• Mariah

We Endure: Finding Strength

Written by: Emma

Somewhere along the line I decided I was a ‘tough girl.’ I spent the better part of my life avoiding any sign of weakness emotionally. I was never afraid of being strong physically, a five-foot-ten inch height and frame of a linebacker made sure that physical strength was never a worry. I was horrified of appearing weak emotionally though.

I’d cry (a lot if I’m honest) but I was always careful to make sure that people knew “I’m not crying because I care, I just have overactive tear ducts.” I’m not even kidding when I say that this was a common phrase for me to utter and I genuinely thought that it somehow negated the fact that I was indeed crying over something. Ha!

I remember confessing to a friend in high school that I felt betrayed by my body quite often because while I felt emotionally strong I would find myself choked up or crying over things quite often. She told me something that ten years later is still something that resonates deep in my soul. She told me “Emma, you aren’t weak, you’re passionate. You feel everything tenfold and you internalize those feelings.”

My cousin died in 2013 when he was 25 years old. My family fell apart. I tried really, really hard to hold myself together, to be strong, to bottle the emotions of everything inside. I ignored the aching I felt knowing I hadn’t been at his wedding. I swallowed the guilt of the last missed phone call. I was stronger than I had ever been before.

At least that’s what I thought.

One warm summer night I spent an hour laying on my parent’s driveway staring up at the starry night sky. The vastness of space rarely comforts me and yet, like a moth to a flame, I’m constantly drawn to the abyss and I can easily lose myself in the pitch black spaces between bright stars. I laid in the dark, overwhelmingly aware of how small I was in the grand scheme of things when I was suddenly positive that I didn’t want to be strong anymore. I was ready to be done. My family was grieving, better to get it done all at once than wait till they had pulled themselves together to just not wake up the next day.

It was the one time in my life where, for a moment, I was sure I wanted to die.

I spent the night in prayer, I called my best friend, I reflected on every friend I’d lost to suicide and how much further their sphere of influence was than they could have even imagined, and I made it through that night by the grace of God. But for one night, I thought I’d rather be dead than be “strong” for one more day.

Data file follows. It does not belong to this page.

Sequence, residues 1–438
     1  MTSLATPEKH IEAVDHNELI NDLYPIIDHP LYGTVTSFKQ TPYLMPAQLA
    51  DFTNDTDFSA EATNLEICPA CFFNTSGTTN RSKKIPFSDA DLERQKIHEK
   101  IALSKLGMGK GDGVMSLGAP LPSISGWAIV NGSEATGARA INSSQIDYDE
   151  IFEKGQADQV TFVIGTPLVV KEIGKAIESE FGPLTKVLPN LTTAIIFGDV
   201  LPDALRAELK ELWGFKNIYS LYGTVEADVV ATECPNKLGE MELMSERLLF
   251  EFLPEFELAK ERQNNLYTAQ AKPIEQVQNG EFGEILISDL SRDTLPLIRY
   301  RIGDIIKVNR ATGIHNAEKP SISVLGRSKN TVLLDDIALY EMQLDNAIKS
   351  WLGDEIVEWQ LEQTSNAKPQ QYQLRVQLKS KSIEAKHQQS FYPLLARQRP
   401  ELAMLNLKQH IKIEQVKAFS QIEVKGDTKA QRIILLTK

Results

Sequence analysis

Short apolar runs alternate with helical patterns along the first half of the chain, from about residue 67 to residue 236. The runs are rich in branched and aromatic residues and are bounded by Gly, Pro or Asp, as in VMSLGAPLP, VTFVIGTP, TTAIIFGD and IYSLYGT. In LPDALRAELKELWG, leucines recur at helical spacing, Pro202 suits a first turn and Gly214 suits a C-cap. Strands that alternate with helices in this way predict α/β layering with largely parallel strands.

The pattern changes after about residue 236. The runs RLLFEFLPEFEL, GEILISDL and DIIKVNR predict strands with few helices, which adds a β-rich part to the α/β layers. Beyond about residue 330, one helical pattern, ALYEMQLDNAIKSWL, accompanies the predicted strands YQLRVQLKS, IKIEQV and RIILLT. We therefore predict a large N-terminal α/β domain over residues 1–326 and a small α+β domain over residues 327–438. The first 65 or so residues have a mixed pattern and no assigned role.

Over the next few years, I learned, on a slow trudge of self discovery and evaluation, that strength isn’t measured in lack of emotion. Strength is not defined by the person who never cries or who can stand as a lighthouse in a tumultuous sea for others to seek harbor in. Strength is being able to process emotions, to feel everything tenfold and still come through the other side. Strength is choosing to acknowledge and embrace the ugly feelings and the hard parts of life and surviving them.

Years later, I still struggle with allowing myself to appear vulnerable with others. I fight the urge to shut down and shut out people who matter to me solely because they might see a weakness. But then I remember every friend, acquaintance, and family member who has ever opened up to me and been vulnerable with me. Their vulnerability has never been something that I see as weakness. I’m always, always inspired by their courage and find myself imagining them as stronger than I could ever be.

How easy it is for me to discount my own experiences with vulnerability and assume that others see a weakness where in those same people I see pure, unadulterated strength.

I’m here today, having seen a period at the end of a sentence and chosen to make it a semicolon. I’m here today to remind you, and remind myself, that we’re not weak for being emotional, that we aren’t less for embracing hurt, lacking credibility when we cry, and most of all that being someone who can survive tragedy in its many forms is the very epitome of strength.

Each of our guest authors has submitted their own writing in order to share their story. The Sunkissed Peach is committed to creating a community in which people can be open and share honestly, in all walks of life. If you are triggered by any of these stories, I ask that you reach out to a mental health professional or counselor. If you relate or have had a similar experience, please feel free to comment and interact with the author.

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